Obama has promised to make cybersecurity a priority in his administration, but the president's new budget asks for a decrease in money for the Homeland Security Department's cybersecurity division.
The government's first quadrennial homeland security review states high consequence and large-scale cyberattacks could massively disable or hurt international financial, commercial and other infrastructure.
The report, obtained by The Associated Press, said these types of cyberattacks could cripple the movement of people and goods around the world and bring vital social and economic programs to a halt.
Article from: CTV.ca
Potential False Flag Attack To Be Blamed On Muslims Foiled
Potential False Flag Attack at 2010 Olympics? (Video)
False Flag Event in Detroit a Pretext to Invade Yemen
Obama Admits US Involvement in Iran Coup in 1953, But Doesn’t Admit American Involvement in False Flags
Daniele Ganser - How false flag operations are exposed (Video)
Media Blackout On Cheney Iran False Flag Story
US Opposition Political Leaders Issue Urgent False Flag Terror Warning [Update: Controversial]
Brzezinski Suggests False Flag Event Could Kick-Start Iran War
Physicist predicts terrorist attacks? (Video)
MI5 Report: Everyone is a Potential Terrorist
Intelligence services ‘manipulated’ Jordan bomber
General of all American Intelligence: 911 was a fraud (Video)
Senators Warned of Terrorist Attack on U.S. by July
Grim Obama says terror attack 'dots' not connected
Major Hasan Of Fort Hood: A Patsy In A Drill Gone Live?
Chicago Citizens Reject Terror Drill Fearmongering
FEMA To Help Run 8-Day Disaster & Terror Drill
Latest News from our Front Page
Do Many Neocons Just Hate All Europeans?
Marxis Neocon Charles Krauthammer
A few months ago I encountered at a conference an eminent Straussian scholar who teaches at an Ivy League institution, and he almost immediately launched into a tirade against “the Europeans,” who are at the point of “finishing Hitler’s work.” The only exception that my interlocutor would concede to this sweeping statement was for the English “who ...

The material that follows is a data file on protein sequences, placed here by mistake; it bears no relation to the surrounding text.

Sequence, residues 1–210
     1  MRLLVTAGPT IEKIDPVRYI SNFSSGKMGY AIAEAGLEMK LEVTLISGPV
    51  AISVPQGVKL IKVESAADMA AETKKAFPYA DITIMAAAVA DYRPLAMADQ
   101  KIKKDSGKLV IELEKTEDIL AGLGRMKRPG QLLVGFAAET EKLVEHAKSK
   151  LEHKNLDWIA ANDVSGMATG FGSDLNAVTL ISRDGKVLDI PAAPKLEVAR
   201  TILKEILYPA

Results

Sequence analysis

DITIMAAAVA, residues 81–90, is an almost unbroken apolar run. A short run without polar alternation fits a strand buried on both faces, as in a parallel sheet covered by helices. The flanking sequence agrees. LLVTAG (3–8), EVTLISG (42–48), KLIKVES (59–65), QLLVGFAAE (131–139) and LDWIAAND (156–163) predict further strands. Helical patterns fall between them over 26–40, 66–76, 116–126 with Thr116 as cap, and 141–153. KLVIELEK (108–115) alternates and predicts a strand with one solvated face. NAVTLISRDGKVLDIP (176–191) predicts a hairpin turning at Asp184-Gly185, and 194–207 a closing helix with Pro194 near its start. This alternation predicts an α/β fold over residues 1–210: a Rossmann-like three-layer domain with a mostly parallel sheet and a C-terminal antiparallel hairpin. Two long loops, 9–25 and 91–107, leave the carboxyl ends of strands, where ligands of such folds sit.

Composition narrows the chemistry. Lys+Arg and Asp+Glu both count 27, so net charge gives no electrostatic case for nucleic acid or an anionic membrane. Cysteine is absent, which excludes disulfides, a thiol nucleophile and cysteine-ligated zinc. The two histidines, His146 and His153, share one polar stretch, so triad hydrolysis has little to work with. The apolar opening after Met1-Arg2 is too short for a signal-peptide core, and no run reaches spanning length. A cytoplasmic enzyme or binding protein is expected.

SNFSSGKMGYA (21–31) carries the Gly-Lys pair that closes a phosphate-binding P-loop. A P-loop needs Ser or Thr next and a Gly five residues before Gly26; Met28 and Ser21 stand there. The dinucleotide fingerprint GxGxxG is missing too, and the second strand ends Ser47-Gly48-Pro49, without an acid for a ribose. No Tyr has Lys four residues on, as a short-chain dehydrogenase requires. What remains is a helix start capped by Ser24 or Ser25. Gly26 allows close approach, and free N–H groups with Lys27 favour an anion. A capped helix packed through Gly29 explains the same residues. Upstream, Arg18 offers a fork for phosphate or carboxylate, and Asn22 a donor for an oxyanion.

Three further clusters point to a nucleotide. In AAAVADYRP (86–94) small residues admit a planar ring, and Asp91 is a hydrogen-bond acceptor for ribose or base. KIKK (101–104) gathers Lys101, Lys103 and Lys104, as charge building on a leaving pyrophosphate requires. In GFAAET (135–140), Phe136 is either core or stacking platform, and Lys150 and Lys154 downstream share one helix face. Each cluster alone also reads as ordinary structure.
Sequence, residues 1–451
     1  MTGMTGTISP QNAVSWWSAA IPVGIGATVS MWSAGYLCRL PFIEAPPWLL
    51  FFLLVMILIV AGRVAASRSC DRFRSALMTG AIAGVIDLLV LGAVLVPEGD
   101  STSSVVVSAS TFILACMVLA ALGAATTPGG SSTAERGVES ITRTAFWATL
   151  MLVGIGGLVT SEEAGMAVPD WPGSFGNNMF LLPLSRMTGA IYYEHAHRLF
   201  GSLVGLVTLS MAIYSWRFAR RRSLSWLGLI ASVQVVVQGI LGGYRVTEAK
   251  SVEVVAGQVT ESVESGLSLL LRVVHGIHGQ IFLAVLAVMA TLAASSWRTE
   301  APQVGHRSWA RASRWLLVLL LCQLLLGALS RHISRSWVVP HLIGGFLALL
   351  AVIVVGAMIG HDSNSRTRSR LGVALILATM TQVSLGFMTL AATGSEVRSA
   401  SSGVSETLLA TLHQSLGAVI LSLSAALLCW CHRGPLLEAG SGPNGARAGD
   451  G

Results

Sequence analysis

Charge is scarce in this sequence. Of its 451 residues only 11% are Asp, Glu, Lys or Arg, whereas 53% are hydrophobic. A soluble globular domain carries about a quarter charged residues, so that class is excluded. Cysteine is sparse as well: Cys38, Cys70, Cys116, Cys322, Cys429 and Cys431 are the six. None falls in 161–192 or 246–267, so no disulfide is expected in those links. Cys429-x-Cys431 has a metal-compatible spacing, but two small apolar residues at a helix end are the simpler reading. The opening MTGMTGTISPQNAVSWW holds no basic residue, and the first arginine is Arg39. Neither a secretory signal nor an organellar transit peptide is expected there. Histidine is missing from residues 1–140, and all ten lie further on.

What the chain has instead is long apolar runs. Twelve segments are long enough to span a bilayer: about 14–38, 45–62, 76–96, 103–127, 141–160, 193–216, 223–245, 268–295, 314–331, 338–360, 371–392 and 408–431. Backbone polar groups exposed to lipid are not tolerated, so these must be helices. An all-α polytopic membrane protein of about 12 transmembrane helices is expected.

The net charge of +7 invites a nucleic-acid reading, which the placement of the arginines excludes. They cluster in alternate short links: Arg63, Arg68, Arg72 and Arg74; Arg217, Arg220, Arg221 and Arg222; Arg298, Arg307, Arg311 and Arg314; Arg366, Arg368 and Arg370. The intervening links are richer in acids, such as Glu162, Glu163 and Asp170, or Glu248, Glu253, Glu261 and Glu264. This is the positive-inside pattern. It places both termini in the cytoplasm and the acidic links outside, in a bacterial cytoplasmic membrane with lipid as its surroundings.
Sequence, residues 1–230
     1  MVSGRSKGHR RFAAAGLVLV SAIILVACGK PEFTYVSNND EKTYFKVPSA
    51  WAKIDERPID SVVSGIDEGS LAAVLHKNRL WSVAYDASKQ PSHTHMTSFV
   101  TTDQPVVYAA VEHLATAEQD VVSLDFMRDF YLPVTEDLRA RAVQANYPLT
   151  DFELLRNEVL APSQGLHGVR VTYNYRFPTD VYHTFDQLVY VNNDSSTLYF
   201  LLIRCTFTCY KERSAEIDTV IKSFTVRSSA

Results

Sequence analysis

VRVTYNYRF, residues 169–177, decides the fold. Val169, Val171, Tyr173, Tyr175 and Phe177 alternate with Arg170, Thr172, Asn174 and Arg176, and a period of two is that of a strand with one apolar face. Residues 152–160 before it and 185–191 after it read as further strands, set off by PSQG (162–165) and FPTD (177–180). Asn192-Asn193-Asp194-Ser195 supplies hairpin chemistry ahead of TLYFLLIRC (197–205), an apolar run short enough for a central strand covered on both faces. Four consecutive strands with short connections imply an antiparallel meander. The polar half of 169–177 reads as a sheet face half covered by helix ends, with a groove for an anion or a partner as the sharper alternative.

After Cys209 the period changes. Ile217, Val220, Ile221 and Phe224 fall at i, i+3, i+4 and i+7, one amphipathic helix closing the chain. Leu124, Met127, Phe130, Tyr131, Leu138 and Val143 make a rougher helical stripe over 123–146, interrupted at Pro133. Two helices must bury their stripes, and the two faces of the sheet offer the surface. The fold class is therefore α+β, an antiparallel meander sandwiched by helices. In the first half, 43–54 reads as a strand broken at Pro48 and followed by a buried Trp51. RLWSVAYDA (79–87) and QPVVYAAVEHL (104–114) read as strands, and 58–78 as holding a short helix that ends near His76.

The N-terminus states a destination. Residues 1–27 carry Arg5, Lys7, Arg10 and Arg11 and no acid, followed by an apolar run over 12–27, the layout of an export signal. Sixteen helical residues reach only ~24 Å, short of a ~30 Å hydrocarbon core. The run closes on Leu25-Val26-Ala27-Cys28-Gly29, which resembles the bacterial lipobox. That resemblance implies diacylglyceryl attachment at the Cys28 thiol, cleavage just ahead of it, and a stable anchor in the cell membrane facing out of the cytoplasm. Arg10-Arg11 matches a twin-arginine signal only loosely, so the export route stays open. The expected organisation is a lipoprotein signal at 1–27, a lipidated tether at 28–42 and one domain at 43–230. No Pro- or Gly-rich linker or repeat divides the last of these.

Swedish Feminists Drink Blood
Swedish Feminists drink menstrual blood to fight the Patriarchy!
Here is the story from alltomstockholm.se as translated by Google (English not 100% correct)
A feast to celebrate the woman - and your period
Menstruation - and this year's celebration.
Theatre Bristol salute month's bloodiest weeks and cause menstrual celebration of International Women's Day.
- We will offer menstrual drinks, says Daniela Kullman.
On International Women's Day ...
'What do we need this war for?' Ukrainians flee from 100k army draft
With the heavy fighting taking its toll on the Ukrainian army, another military draft is underway - the fourth within less than a year. It's the largest one to date - set to get 100k people into the military. This includes everyone up to the age of 60, with a voluntary mobilization for women. Fleeing the draft some are getting ...
Gunman Storms Dutch TV Station Demanding Airtime
Dutch authorities have released few details about the bizarre case of 19-year-old Tarik Zahzah’s attack on the main news studio of television station NOS on Thursday. To get the obvious question out of the way first, the police say there is no evidence that Zahzah, who is half-Egyptian, acted on behalf of organized terrorism.
The authorities always say that on the ...
How Alan Dershowitz bullied rape victims to protect a serial child molester
Harvard law professor Alan Dershowitz always felt children were fair game for Israeli missiles. Now the question is whether he thinks they are fair game for the sexual exploits of his powerful associates and himself.
Dershowitz and the UK’s Prince Andrew were accused in a recent court filing of raping a teenage girl who was forced into sexual slavery by ...
|More News » |